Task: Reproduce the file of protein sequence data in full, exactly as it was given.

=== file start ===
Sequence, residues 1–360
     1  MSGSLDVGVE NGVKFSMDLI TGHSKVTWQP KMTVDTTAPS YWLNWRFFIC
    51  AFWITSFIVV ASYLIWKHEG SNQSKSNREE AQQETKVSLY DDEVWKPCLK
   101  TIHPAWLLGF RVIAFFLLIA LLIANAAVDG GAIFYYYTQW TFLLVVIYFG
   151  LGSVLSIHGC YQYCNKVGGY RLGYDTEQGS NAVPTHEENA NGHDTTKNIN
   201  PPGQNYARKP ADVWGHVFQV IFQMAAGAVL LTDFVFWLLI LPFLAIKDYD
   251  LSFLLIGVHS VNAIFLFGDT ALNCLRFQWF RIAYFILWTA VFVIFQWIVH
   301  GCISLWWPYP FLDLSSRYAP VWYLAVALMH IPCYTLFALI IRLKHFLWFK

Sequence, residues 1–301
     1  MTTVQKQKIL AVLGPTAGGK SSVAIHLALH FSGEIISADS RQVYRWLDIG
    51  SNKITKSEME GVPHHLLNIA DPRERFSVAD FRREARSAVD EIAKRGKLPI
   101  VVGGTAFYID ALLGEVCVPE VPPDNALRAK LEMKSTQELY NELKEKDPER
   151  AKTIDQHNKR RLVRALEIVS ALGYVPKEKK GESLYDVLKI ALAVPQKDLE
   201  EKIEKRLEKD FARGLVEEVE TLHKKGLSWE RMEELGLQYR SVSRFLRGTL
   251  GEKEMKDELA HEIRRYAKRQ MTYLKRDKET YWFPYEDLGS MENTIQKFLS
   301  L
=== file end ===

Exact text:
Sequence, residues 1–360
     1  MSGSLDVGVE NGVKFSMDLI TGHSKVTWQP KMTVDTTAPS YWLNWRFFIC
    51  AFWITSFIVV ASYLIWKHEG SNQSKSNREE AQQETKVSLY DDEVWKPCLK
   101  TIHPAWLLGF RVIAFFLLIA LLIANAAVDG GAIFYYYTQW TFLLVVIYFG
   151  LGSVLSIHGC YQYCNKVGGY RLGYDTEQGS NAVPTHEENA NGHDTTKNIN
   201  PPGQNYARKP ADVWGHVFQV IFQMAAGAVL LTDFVFWLLI LPFLAIKDYD
   251  LSFLLIGVHS VNAIFLFGDT ALNCLRFQWF RIAYFILWTA VFVIFQWIVH
   301  GCISLWWPYP FLDLSSRYAP VWYLAVALMH IPCYTLFALI IRLKHFLWFK

Sequence, residues 1–301
     1  MTTVQKQKIL AVLGPTAGGK SSVAIHLALH FSGEIISADS RQVYRWLDIG
    51  SNKITKSEME GVPHHLLNIA DPRERFSVAD FRREARSAVD EIAKRGKLPI
   101  VVGGTAFYID ALLGEVCVPE VPPDNALRAK LEMKSTQELY NELKEKDPER
   151  AKTIDQHNKR RLVRALEIVS ALGYVPKEKK GESLYDVLKI ALAVPQKDLE
   201  EKIEKRLEKD FARGLVEEVE TLHKKGLSWE RMEELGLQYR SVSRFLRGTL
   251  GEKEMKDELA HEIRRYAKRQ MTYLKRDKET YWFPYEDLGS MENTIQKFLS
   301  L